One of the challenges for the Christian is how to balance trusting God with getting off the couch and using our own efforts to make things happen. There is a spectrum of possible responses. At one extreme there’s the option of trusting in God to the exclusion of action; “I’m waiting for God to direct me as to my next move” or “I can’t do this without God, so I really need to pray about this some more.” The other extreme is based on the “God helps those who help themselves” view. This path would involve me taking action on things that I am passionate about and good at, and think of how I could use them to further the kingdom. Obviously I should still trust in God, but I could say that I’m trusting in the sense that I have faith that God will bless my efforts.

While waiting for God is often the right thing to do, if we are not careful it will become our default position and can lead to a life of passivity: a lack of action, little motivation, and zero responsibility.  It is easy to expect God to live for us rather than to work through us. Waiting on God can keep us stuck and prevent us from moving in the direction that God wants us to go.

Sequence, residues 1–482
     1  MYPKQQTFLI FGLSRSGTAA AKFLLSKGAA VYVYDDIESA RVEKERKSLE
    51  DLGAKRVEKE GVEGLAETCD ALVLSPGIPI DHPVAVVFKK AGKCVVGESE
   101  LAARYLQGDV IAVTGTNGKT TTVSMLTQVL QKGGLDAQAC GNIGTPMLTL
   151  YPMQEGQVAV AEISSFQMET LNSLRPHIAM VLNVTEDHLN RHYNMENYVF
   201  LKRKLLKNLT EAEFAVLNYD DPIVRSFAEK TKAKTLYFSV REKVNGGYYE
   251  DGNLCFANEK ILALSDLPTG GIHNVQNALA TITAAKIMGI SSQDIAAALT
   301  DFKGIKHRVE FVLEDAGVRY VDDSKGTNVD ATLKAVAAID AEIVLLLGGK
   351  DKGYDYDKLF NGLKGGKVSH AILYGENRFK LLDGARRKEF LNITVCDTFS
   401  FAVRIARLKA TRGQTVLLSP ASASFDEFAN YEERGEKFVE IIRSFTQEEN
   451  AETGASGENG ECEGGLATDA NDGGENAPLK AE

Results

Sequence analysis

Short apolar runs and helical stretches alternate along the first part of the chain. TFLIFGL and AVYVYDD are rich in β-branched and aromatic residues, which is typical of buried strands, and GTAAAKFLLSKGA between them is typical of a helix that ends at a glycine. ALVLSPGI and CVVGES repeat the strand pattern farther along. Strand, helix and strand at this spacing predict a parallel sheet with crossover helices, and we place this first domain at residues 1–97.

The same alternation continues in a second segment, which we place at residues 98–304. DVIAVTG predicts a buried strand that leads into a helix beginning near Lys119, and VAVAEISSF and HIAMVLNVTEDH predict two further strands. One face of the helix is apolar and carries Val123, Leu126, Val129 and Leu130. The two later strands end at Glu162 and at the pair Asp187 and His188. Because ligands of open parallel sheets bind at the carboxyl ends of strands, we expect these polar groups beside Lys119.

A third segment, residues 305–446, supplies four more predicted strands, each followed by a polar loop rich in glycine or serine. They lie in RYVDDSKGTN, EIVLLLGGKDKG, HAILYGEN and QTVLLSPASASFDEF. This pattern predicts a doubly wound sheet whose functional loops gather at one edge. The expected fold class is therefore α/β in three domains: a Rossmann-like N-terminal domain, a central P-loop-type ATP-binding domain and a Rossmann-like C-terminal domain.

Over the years I have heard people say “God will give me a sign…God will close the doors if it’s not meant to be…God will bring him/her into my life…God will take away my desires…” Absolutely He can and He does. But we need to ask ourselves a question: Does God act on our behalf, or does God gives us the strength and power to act on His behalf? God does ask us to trust Him with the things we cannot control, but He also asks us to take action in the things that we can. He asks us to know Him, to love Him, and to honor Him…and then to live confidently in return.